If it works, don't break it!
The square wheel never did take off, though its inventor insisted it would stop far more quickly than the original round version, and he was probably right. 0 to 60 might have been a problem though!
You often hear of actors who leave a successful series because "they don't want to get typecast". Never mind the regular pay cheque!
So how important is it for a writer to create a series once he, or she has found a successful formula? That's always supposing you find the formula in the first place!
Most successful authors keep the round wheel rolling: Examples.....
1. Terry Pratchett's Discworld books are unique in that within the series there are around four formulae, all of which have well-loved characters. I asked him once how difficult it was to create new DW plots after so many books and he said it was becoming easier as the characters tend to write their own plots and books now, He just puts them in situations and off they go!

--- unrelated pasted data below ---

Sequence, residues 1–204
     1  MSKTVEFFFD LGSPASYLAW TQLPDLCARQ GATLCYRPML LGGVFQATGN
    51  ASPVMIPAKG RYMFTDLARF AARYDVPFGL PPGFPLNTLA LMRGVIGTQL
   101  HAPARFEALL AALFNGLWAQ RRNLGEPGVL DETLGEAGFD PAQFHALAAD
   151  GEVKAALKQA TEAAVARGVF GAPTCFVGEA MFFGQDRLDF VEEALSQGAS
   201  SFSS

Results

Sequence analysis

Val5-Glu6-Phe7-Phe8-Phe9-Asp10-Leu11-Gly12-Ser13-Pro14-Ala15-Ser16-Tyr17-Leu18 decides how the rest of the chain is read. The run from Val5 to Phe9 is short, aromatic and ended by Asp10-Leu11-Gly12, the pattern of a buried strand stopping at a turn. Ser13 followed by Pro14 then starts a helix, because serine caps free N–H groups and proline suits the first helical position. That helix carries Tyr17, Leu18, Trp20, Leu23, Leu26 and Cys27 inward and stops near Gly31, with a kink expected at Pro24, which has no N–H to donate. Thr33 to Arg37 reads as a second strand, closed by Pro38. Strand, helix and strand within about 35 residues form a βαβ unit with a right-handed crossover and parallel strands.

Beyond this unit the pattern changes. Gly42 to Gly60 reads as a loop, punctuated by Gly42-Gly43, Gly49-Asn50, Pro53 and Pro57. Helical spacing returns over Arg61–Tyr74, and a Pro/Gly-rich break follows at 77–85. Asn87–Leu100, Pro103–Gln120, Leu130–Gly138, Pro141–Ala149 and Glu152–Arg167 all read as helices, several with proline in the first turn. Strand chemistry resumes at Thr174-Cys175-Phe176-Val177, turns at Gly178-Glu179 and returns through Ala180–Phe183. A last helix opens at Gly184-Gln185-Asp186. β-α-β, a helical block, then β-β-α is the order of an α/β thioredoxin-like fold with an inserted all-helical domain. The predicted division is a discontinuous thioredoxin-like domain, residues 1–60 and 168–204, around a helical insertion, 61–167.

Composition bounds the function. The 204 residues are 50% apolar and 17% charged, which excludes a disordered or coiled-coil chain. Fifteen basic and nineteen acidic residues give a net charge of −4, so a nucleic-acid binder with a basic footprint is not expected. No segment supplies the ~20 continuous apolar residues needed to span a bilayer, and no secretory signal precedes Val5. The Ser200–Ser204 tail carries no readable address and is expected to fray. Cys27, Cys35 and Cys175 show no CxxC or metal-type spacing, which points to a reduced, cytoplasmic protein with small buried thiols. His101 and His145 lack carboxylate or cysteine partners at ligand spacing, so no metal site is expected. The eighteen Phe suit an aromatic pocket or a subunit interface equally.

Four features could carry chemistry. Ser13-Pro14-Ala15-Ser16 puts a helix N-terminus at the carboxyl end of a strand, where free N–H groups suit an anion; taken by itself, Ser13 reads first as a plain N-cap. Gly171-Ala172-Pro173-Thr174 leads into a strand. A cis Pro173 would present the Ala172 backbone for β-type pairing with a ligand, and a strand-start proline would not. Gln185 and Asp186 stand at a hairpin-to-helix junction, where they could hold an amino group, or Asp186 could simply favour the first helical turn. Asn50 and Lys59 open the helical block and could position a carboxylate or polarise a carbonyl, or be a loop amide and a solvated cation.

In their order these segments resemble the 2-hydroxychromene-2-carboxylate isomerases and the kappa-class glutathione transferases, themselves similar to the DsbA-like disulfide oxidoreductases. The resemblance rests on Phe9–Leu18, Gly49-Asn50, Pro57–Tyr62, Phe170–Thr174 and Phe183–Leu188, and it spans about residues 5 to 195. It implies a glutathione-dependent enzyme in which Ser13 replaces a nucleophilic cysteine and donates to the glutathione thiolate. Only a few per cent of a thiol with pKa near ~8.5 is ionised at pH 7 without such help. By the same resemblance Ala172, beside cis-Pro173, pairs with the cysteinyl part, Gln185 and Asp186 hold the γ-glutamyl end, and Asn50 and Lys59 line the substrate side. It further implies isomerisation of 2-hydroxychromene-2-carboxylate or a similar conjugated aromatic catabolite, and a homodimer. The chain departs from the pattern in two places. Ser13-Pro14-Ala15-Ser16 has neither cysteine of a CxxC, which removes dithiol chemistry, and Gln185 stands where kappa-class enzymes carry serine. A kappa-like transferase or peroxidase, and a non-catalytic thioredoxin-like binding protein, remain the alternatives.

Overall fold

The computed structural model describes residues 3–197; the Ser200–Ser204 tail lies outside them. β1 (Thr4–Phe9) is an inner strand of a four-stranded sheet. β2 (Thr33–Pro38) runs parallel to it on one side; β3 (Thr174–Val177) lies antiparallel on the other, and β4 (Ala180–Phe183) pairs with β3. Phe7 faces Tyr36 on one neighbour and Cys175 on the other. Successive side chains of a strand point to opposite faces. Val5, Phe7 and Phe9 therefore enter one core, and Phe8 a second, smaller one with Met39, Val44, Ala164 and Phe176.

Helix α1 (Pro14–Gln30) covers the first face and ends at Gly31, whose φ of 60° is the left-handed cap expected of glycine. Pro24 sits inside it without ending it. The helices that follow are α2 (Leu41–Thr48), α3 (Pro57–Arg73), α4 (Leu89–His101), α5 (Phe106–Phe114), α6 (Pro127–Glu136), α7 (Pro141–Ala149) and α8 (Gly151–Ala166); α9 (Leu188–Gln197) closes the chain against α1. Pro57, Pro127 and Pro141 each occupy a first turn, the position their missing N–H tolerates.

2. Bernard Cornwell's Sharpe books are some of the most formulaic (and best written) stories. Sharpe is sent on a mission, he makes an enemy, he meets a woman who falls madly in love with him, he has a battle, he wins, but loses the woman and walks into the sunset. It works every time and I love them!
3. Me...but I suppose one book published and another in the edit phase doesn't count as a series....yet!
All the current best-selling authors keep to a formula if it sells....agents and publishers will insist on it I suppose...though creating a new and separate wheel is a good idea to keep the creative juices flowing. JK Rowling moving on from the Harry Potter books into adult mysteries is a courageous move and she deserves every success, both in sales (not really in doubt) and from a critical audience. Strangely, people like icons to fail!
So keep the mold, keep the round wheel and don't be afraid of being a typecast actor. It pays the rent.
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